Countries Are Losing ‘Measles Free’ Designation and the U.S. Could Be Next: Brainstorm Health
Good afternoon, readers.
Before the Labor Day weekend begins, let's start with an alarming story (don't worry, Friday's essay will be significantly less dire before we go on a brief hiatus next Monday).
The World Health Organization (WHO) announced Thursday that four European countries previously considered to be free of measles have lost that coveted health status. "[For] the first time since the verification process began in the region in 2012, four countries (Albania, Czechia, Greece, and the United Kingdom) lost their measles elimination status," the global health agency reported.
This issue has been tied closely to growing anti-vaccination sentiment in a number of nations driven by disinformation campaigns on social media. And the U.S., which claimed to have eliminated measles nearly 20 years ago (meaning, a one-year period without a persistent spread in infections), could be the next country to make the list.
CNN reports that there is now a "reasonable chance" the measles-elimination designation will go by the wayside in America as the number of confirmed measles cases crossed 1,200, for the year, this week.
Read on for the day's news.
American Well: Two-thirds of Americans want to use telehealth. Less than 10% have actually tried it. A new survey from telehealth giant American Well confirms what we’ve known for a while now: Americans really want to experiment with telemedicine services… but simply haven’t had the opportunities to do so. According to the report, 66% of surveyed consumers said they’d be willing to use telehealth and digital doctor visits, yet just 8% had actually tried it out. And there are plenty of fascinating nuances here—for instance, younger Americans put an emphasis on telehealth’s potential for mental health treatment, whereas older populations prioritize chronic care management and prescription drug renewals. (American Well)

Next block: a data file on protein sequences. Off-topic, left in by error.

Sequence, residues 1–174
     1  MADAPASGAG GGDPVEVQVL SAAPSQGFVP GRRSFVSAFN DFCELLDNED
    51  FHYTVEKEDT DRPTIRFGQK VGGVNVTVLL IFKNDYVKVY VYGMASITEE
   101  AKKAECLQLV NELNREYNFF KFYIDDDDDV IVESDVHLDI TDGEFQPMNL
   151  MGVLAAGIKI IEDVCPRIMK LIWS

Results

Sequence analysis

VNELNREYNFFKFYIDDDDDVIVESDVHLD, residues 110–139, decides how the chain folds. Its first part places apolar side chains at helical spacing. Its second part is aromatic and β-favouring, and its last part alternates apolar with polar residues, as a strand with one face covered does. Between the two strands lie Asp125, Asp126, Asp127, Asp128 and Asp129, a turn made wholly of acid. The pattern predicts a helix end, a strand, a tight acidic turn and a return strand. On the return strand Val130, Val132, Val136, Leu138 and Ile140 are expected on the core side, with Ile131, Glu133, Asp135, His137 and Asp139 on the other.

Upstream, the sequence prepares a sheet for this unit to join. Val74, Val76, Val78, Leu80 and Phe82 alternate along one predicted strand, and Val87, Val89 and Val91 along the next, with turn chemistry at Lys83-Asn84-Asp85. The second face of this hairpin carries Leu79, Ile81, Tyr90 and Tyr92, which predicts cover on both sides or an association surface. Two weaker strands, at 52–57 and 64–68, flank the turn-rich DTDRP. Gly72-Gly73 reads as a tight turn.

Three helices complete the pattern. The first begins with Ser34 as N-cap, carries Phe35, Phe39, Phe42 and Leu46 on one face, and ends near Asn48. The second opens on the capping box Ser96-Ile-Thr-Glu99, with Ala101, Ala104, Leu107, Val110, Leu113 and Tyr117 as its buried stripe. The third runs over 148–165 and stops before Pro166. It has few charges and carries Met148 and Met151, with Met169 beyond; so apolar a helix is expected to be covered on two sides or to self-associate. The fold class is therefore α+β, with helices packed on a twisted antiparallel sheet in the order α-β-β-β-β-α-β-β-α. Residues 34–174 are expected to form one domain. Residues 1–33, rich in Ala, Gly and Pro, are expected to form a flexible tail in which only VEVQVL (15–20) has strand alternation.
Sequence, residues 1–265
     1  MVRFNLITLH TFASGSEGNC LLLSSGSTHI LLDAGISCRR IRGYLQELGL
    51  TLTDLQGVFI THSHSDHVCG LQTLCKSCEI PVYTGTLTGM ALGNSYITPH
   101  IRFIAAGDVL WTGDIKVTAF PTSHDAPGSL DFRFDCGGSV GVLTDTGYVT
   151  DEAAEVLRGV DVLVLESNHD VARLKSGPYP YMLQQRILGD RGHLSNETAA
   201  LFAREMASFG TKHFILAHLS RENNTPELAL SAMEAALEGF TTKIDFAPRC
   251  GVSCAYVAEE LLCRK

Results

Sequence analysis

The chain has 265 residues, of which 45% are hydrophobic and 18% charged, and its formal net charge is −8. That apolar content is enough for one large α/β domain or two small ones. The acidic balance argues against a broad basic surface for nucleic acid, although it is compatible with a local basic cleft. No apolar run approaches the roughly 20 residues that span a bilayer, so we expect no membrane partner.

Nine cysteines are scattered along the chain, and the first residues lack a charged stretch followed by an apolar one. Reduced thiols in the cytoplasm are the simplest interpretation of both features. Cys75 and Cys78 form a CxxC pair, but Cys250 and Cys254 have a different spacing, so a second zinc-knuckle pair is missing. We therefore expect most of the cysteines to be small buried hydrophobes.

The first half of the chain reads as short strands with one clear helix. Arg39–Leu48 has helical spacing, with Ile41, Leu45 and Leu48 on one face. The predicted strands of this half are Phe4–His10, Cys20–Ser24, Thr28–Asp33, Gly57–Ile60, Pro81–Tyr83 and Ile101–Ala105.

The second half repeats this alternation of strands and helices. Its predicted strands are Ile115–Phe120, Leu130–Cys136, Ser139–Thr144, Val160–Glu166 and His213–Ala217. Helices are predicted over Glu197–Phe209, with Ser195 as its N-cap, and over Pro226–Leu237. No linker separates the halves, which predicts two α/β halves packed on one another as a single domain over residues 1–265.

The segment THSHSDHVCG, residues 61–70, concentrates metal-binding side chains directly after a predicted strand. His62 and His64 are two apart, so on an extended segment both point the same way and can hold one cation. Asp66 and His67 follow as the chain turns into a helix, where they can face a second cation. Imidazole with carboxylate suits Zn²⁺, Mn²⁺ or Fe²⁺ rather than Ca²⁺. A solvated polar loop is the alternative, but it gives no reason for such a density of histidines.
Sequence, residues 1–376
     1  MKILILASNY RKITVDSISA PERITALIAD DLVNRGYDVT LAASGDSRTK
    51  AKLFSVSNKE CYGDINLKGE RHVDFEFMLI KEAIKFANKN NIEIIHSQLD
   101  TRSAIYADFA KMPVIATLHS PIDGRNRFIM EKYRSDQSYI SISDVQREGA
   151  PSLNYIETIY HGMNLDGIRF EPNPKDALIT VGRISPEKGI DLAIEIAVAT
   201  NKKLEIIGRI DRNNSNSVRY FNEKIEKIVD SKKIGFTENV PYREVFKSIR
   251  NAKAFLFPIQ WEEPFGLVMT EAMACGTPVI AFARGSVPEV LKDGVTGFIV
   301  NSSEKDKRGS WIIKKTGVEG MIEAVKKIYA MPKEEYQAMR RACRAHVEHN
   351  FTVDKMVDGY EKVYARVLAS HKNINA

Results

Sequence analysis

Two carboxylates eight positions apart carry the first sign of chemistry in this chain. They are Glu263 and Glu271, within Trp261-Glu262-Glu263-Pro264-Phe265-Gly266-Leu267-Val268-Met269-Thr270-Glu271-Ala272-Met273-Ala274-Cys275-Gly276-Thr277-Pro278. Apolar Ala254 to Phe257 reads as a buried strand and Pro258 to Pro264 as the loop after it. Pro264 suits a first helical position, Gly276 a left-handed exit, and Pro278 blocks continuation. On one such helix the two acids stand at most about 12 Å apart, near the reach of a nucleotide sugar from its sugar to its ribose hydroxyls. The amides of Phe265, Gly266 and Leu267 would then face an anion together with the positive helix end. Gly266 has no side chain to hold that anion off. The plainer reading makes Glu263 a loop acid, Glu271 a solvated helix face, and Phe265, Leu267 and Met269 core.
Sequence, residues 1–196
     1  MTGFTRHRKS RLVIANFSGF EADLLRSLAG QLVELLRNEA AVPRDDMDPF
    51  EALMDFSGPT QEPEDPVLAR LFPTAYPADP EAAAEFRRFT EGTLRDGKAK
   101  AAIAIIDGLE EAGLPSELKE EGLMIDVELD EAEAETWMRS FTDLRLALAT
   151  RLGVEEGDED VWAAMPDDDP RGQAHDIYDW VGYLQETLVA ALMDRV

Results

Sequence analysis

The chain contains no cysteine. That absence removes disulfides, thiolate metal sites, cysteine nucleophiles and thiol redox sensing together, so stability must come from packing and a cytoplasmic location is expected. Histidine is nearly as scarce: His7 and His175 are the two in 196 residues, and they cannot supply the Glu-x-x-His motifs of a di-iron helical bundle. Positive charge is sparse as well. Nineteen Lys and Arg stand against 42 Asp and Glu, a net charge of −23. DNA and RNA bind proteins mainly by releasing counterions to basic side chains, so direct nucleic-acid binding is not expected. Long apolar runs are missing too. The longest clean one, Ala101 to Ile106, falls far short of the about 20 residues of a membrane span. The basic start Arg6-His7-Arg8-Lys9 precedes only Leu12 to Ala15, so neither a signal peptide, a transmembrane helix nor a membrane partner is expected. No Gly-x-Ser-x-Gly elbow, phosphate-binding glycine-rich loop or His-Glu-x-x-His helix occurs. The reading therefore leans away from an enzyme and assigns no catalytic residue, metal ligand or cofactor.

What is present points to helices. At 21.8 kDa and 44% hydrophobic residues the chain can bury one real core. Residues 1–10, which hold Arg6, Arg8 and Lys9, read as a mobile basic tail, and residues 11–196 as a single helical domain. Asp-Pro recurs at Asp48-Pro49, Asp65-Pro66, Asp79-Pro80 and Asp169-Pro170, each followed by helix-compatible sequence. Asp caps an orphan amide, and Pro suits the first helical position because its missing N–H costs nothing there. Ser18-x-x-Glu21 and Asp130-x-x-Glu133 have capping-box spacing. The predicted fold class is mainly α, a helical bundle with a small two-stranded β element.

AbbVie officially ditches Rova-T. Drug giant AbbVie has officially abandoned its beleaguered, late-stage cancer drug hopeful Rova-T, which the company snatched up in a $5.8 billion acquisition of biotech Stemcentrx nearly three years ago (to the chagrin of many an investor). As I reported earlier this year in a piece on AbbVie and its superstar treatment Humira, the world’s best-selling drug, the Rova-T pickup has been indicative of the company’s pipeline struggles in certain therapeutic areas. (Reuters)
THE BIG PICTURE
Juul responds to increasing scrutiny with new ID scan requirement for retailers. Facing fire from regulators and lawmakers, vaping and e-cigarette giant Juul is taking proactive measures to assure the public it’s a responsible nicotine product distributor. By mid-2021, the company says it will require retailers to scan would-be consumers’ IDs at the point of sale in order to authorize the transaction—an effort meant to cut down on teens’ use of the products, which has exploded in recent years. Juul, which has been accused of targeting young people with its flavored nicotine devices, says that retailers that don’t comply will be cut off. (Fortune)
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